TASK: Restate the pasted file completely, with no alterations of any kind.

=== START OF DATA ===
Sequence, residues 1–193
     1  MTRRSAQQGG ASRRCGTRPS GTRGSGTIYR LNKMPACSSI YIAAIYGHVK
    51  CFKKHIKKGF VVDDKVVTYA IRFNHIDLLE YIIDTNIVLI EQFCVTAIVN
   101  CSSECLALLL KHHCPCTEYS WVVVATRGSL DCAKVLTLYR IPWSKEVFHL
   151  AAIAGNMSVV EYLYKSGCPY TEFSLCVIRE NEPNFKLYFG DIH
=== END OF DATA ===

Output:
Sequence, residues 1–193
     1  MTRRSAQQGG ASRRCGTRPS GTRGSGTIYR LNKMPACSSI YIAAIYGHVK
    51  CFKKHIKKGF VVDDKVVTYA IRFNHIDLLE YIIDTNIVLI EQFCVTAIVN
   101  CSSECLALLL KHHCPCTEYS WVVVATRGSL DCAKVLTLYR IPWSKEVFHL
   151  AAIAGNMSVV EYLYKSGCPY TEFSLCVIRE NEPNFKLYFG DIH